By Ray Stern
By Ray Stern
By New Times
By Amy Silverman
By Stephen Lemons
By Stephen Lemons
By Monica Alonzo
By Chris Parker
In late April, Simon was arrested by Phoenix police and charged with 20 felony counts of forgery.
Tom Simon (Avila, on the air at KFNX) is an experienced criminal whose record in other states goes back two decades and includes arrests for forgery, grand theft, obstruction of justice and assault on a peace officer. He moved to Arizona just after being paroled from an L.A. county prison last June and immediately embarked on a very busy schedule.
Although he's been in Arizona less than a year, Simon managed to fall in love in July, marry in September, lead police on a high-speed chase in November, get popped on 14 felony counts of forgery in December, reinvent himself as a journalist in February, get fired at the beginning of April, and arrested on 20 new felony counts by the Phoenix Police Department by the end of April.
Simon's troubles here began with a scheme Phoenix police say he embarked upon shortly after arriving in Phoenix. Police allege Simon bought electronics equipment with phony checks, then sold his purchases to local pawnshops. Police began investigating Simon in November, when he fled arresting officers in his car, running a red light and crashing into a truck. Police arrested him for assault the next day. The money to bond out Simon was secured by the home of Simon's new father in-law.
Simon told New Times in an interview at the end of March that he then decided to abandon his criminal life and go back to journalism, a career he had dabbled in between prison stints. He got a job as news director at AM radio station KFNX 1100 in early 2003, where he used the name "Tom Avila" on the air.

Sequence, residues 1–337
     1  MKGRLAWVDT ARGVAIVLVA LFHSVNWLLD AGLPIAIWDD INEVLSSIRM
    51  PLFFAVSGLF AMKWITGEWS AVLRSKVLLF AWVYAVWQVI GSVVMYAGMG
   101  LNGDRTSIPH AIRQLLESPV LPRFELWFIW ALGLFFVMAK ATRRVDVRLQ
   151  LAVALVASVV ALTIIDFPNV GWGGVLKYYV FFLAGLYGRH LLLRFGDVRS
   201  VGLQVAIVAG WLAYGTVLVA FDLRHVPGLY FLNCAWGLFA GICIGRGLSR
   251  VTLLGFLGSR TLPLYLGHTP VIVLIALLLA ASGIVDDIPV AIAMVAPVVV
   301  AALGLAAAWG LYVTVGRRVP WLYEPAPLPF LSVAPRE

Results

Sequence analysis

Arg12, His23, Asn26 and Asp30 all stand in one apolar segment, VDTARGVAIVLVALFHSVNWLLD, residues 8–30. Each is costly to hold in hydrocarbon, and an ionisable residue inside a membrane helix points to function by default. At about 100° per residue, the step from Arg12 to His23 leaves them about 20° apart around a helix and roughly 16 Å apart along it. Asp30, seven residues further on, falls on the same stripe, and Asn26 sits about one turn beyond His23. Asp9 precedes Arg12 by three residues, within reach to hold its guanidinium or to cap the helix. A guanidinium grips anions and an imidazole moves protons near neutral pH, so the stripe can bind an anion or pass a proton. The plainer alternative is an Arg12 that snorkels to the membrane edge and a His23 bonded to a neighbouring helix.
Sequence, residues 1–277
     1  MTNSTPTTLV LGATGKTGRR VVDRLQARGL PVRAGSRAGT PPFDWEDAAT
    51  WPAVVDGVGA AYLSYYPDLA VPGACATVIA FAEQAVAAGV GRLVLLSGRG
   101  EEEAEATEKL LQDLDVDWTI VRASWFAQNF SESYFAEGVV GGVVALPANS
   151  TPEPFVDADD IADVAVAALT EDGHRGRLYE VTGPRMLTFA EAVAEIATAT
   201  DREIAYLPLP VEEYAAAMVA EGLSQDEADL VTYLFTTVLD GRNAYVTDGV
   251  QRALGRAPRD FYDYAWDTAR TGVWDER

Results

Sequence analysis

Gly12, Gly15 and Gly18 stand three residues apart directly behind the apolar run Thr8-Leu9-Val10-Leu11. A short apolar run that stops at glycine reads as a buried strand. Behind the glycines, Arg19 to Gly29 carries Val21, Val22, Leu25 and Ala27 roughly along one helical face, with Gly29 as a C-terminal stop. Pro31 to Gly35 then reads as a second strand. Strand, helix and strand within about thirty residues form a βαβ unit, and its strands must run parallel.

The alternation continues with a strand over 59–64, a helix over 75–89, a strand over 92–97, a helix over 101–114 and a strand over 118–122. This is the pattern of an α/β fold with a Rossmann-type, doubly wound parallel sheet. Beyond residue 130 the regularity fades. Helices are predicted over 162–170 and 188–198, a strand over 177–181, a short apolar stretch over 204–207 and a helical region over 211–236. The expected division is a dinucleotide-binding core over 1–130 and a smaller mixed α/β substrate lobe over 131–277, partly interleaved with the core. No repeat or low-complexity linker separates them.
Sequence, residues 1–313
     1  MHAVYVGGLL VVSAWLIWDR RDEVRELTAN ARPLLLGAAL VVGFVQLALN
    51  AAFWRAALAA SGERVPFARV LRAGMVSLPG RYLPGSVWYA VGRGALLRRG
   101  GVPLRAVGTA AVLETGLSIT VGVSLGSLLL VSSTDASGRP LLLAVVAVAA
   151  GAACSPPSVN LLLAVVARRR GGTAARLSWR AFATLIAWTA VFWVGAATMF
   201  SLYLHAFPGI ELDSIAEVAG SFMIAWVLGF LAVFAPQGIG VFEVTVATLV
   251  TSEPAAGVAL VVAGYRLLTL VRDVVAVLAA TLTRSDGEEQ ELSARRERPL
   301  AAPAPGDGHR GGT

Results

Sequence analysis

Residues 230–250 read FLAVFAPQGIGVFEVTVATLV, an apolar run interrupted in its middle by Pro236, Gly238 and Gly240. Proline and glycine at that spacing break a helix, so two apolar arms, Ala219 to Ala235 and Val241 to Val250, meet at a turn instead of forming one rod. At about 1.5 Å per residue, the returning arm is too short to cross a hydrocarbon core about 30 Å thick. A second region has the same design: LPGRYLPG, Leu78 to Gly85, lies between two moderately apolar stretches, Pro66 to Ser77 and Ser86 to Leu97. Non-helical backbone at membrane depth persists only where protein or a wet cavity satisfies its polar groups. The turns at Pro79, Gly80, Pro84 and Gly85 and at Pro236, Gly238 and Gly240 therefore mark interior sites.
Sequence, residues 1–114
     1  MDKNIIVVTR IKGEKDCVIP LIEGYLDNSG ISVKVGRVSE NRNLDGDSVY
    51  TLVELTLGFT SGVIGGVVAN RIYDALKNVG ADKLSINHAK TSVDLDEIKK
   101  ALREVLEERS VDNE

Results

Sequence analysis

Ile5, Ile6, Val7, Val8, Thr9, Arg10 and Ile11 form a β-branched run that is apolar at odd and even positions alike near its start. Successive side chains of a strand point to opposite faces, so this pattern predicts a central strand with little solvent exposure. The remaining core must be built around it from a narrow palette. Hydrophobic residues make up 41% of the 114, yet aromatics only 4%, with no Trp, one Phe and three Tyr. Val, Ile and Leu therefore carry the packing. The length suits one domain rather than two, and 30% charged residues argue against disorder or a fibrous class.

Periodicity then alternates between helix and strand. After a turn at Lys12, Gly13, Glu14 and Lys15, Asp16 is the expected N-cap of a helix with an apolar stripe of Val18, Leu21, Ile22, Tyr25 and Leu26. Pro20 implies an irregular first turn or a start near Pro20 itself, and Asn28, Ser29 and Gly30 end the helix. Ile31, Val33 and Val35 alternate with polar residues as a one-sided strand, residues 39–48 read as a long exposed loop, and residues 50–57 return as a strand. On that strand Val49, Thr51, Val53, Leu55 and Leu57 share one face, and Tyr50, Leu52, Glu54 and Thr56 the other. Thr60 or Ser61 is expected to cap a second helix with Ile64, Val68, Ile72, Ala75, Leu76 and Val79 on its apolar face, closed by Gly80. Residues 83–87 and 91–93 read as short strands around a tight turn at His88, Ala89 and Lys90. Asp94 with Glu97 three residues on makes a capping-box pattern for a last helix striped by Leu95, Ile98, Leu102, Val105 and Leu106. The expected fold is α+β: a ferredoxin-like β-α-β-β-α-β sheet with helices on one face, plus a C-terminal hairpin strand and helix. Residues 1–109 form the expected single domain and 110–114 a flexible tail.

Simon could not be reached for comment.
Upon his most recent arrest, Simon told Phoenix police officer Andrew Barciz that he was fired from the radio station he worked at shortly after a story about his criminal past and pending charges appeared in New Times ("Tom Avila's Big Story," April 1), according to Barciz's report. Barciz wrote, "I asked him what had happened to the $9,000 he had taken from the credit union. [Simon] stated he had gambled it all away."
Just one week after getting axed from his radio job, Simon was running forged checks through his wife's bank account, police say. He owed $3,000 to Liberty Bail Bonds, says owner Dana Schnell, and wasn't returning the bondsman's phone calls.
On April 21, Schnell says he got a call from Simon's wife saying she'd like to revoke bail, that Simon had packed the car full of clothes and taken off.
Schnell tracked Simon down at Sun Devil Auto. When Simon attempted to leave, his car full of suits, Schnell and other bondsmen boxed him in with their vehicles.
When Schnell searched Simon for drugs and weapons while taking him into custody, he found two payroll checks in his pocket from B.S. Enterprises, a fictitious company with an apparently fitting name.
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